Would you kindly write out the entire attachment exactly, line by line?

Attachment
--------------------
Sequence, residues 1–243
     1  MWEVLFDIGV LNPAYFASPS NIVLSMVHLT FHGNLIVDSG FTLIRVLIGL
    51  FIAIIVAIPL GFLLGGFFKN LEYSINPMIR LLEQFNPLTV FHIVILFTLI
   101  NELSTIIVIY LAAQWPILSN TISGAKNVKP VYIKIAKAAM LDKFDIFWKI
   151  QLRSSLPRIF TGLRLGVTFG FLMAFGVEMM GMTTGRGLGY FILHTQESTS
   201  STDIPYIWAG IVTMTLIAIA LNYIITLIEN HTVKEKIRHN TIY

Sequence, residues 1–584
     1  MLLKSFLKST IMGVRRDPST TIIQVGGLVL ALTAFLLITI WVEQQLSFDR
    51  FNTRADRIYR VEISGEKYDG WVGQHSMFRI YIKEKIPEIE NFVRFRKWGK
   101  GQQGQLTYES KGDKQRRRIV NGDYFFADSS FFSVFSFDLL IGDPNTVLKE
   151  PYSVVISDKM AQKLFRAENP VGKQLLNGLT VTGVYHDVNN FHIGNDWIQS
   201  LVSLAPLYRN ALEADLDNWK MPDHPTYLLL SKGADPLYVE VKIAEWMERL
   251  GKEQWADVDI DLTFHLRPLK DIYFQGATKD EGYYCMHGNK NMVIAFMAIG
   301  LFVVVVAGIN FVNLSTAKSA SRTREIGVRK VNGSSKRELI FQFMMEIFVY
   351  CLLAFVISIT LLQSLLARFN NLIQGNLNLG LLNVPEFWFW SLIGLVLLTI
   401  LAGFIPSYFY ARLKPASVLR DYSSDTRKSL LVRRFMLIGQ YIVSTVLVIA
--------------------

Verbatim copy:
Sequence, residues 1–243
     1  MWEVLFDIGV LNPAYFASPS NIVLSMVHLT FHGNLIVDSG FTLIRVLIGL
    51  FIAIIVAIPL GFLLGGFFKN LEYSINPMIR LLEQFNPLTV FHIVILFTLI
   101  NELSTIIVIY LAAQWPILSN TISGAKNVKP VYIKIAKAAM LDKFDIFWKI
   151  QLRSSLPRIF TGLRLGVTFG FLMAFGVEMM GMTTGRGLGY FILHTQESTS
   201  STDIPYIWAG IVTMTLIAIA LNYIITLIEN HTVKEKIRHN TIY

Sequence, residues 1–584
     1  MLLKSFLKST IMGVRRDPST TIIQVGGLVL ALTAFLLITI WVEQQLSFDR
    51  FNTRADRIYR VEISGEKYDG WVGQHSMFRI YIKEKIPEIE NFVRFRKWGK
   101  GQQGQLTYES KGDKQRRRIV NGDYFFADSS FFSVFSFDLL IGDPNTVLKE
   151  PYSVVISDKM AQKLFRAENP VGKQLLNGLT VTGVYHDVNN FHIGNDWIQS
   201  LVSLAPLYRN ALEADLDNWK MPDHPTYLLL SKGADPLYVE VKIAEWMERL
   251  GKEQWADVDI DLTFHLRPLK DIYFQGATKD EGYYCMHGNK NMVIAFMAIG
   301  LFVVVVAGIN FVNLSTAKSA SRTREIGVRK VNGSSKRELI FQFMMEIFVY
   351  CLLAFVISIT LLQSLLARFN NLIQGNLNLG LLNVPEFWFW SLIGLVLLTI
   401  LAGFIPSYFY ARLKPASVLR DYSSDTRKSL LVRRFMLIGQ YIVSTVLVIA